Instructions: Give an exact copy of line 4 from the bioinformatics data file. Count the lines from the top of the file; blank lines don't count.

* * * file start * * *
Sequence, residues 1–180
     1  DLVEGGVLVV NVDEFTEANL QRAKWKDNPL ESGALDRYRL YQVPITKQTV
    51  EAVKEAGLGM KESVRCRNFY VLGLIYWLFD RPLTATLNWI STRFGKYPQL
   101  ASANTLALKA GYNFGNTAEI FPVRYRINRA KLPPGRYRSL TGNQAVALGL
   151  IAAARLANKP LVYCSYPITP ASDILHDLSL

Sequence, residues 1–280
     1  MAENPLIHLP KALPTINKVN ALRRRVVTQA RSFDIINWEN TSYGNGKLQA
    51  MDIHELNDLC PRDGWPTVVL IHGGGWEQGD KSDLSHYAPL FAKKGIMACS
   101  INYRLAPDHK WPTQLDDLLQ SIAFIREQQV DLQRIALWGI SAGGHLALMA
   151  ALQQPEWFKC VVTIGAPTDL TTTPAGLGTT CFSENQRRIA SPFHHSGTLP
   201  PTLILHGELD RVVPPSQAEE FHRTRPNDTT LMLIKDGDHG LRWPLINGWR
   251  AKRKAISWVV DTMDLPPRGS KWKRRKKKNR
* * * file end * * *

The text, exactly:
   101  ASANTLALKA GYNFGNTAEI FPVRYRINRA KLPPGRYRSL TGNQAVALGL